The Branding of Java (or Sun?)

How many out there have seen/heard/known about Java and how many of you also know about Sun Microsystems, as the company behind its creation?

That was the central question over which Sun changed its NASDAQ ticker to JAVA from SUNW. Jonathan Schwartz; the blogging CEO of Sun; who is spearheading a change at the company writies in his blog about Java, the need to change and the naming of the worldwide brand.

…Java touches nearly everyone – everyone – who touches the internet. Hundreds of millions of users see Java, and its ubiquitous logo, every day. On PC’s, mobile phones, game consoles – you name it, wherever the network travels, the odds are good Java’s powering a portion of the experience.

What’s that distribution and awareness worth to us? It’s hard to say – brands, like employees, aren’t expenses, they’re investments. Measuring their value is more art than science. But there’s no doubt in my mind more people know Java than Sun Microsystems. There’s similarly no doubt they know Java more than nearly any other brand on the internet.

I know that sounds audacious, but wherever I travel in the world, I’m reminded of just how broad the opportunity has become, and how pervasively the technology and brand have been deployed. Java truly is everywhere.

[…]

JAVA is a technology whose value is near infinite to the internet, and a brand that’s inseparably a part of Sun (and our profitability). And so next week, we’re going to embrace that reality by changing our trading symbol, from SUNW to JAVA. This is a big change for us, capitalizing on the extraordinary affinity our teams have invested to build, introducing Sun to new investors, developers and consumers. Most know Java, few know Sun – we can bring the two one step closer.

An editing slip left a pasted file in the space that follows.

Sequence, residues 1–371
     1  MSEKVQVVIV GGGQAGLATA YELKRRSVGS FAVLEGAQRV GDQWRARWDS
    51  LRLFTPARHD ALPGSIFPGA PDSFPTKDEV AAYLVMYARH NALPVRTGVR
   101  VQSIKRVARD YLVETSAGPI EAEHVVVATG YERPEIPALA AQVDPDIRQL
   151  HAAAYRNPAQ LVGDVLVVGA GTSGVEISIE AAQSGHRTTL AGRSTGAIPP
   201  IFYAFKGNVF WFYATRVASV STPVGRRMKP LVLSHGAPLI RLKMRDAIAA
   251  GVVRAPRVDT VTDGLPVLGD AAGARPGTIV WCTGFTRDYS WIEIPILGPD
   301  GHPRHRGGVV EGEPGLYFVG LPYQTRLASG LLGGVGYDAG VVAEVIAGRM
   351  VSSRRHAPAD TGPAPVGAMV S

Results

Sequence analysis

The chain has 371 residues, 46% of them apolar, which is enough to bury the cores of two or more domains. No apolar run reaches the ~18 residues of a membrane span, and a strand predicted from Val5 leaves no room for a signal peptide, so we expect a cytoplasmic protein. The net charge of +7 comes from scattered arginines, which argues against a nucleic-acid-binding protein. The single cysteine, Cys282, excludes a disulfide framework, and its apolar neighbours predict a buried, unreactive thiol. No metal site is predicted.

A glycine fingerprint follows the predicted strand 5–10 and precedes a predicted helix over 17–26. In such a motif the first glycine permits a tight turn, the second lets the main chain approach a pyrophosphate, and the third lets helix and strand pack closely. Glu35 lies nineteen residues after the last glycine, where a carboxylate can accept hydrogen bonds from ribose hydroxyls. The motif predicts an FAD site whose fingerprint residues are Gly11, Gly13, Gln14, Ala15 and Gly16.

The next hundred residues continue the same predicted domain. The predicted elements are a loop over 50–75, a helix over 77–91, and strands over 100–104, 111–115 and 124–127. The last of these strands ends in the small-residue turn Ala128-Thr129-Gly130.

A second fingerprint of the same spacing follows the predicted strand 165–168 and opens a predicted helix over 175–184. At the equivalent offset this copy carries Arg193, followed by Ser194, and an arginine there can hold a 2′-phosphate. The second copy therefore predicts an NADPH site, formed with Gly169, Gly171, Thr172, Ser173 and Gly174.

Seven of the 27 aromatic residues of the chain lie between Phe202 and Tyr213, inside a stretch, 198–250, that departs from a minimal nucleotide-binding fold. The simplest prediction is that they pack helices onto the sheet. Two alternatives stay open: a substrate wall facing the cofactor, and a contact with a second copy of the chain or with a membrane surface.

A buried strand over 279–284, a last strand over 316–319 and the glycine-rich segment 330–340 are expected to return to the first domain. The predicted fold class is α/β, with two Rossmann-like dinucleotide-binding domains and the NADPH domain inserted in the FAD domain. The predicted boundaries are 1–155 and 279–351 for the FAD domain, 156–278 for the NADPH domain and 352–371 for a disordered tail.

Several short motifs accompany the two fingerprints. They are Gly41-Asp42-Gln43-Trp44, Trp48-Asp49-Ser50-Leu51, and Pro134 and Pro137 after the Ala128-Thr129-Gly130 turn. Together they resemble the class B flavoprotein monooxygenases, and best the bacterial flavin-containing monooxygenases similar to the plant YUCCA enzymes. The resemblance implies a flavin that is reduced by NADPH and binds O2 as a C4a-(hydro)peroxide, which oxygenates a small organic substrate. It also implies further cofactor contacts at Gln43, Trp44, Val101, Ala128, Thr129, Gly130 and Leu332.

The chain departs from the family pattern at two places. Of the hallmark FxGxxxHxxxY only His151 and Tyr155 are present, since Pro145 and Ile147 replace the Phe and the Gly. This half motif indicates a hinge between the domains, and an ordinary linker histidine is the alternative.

Schwartz recieved a ton of comments/e-mails on this decision. Some good and others bad.

In a previous post he explained the meaning of a brand?

The saying goes, “a brand is a promise.” On a personal level, I’ve always felt that statement was incomplete. A promise is the lowest common denominator of a brand – it’s what people expect. Think of your favorite brand, whether search engine or sneaker or coffee shop or free software, and you’ll know what I mean – a brand is an expectation. If you experience anything less, you’re disappointed. A promise seems like table stakes.

But a brand must go beyond a promise. To me, a brand is a cause – a guiding light. For fulfilling expectations, certainly, as well as dealing with the ill-defined and unexpected. It’s what tells your employees how to act when circumstances (and customers) go awry, or well beyond a training course. My first real experience with that was a personal one.

[…]

What’s a brand?

It’s not a logo, an ad campaign or a money back guarantee. At minimum, it’s a promise that helps to define those items. Beyond that, it’s a cause that gives definition to the ill-defined, that tells you how to deal with the unexpected or the uncomfortable. It’s what motivates you to hire that fellow at the front desk, and to foster his instinct to feel, “Eureka, I found an opportunity to build an evangelist!”

That’s not about money or resources or training or contracts. It’s a cause. One your employees – and more critically, your customers – willingly join.

In the follow-up post to the ticker change he explains the process behind naming the Java Brand by sharing a e-mail from James Gosling, the creator of Java.

So, who named Java? Marketing organized the meeting, the consultant ran it, and a whole pile of us did a lot of yelling out of random words. I’m honestly not real sure who said “Java” first, but I’m pretty sure it was Mark Opperman.

There certainly wasn’t any brilliant marketing mind who went through a coherent thought process.

Schwartz concludes, “As with a lot of innovation, not every decision – nor product name, blog or line of code – starts on a spreadsheet. Opportunity’s often far harder to measure.”

An amazing story.

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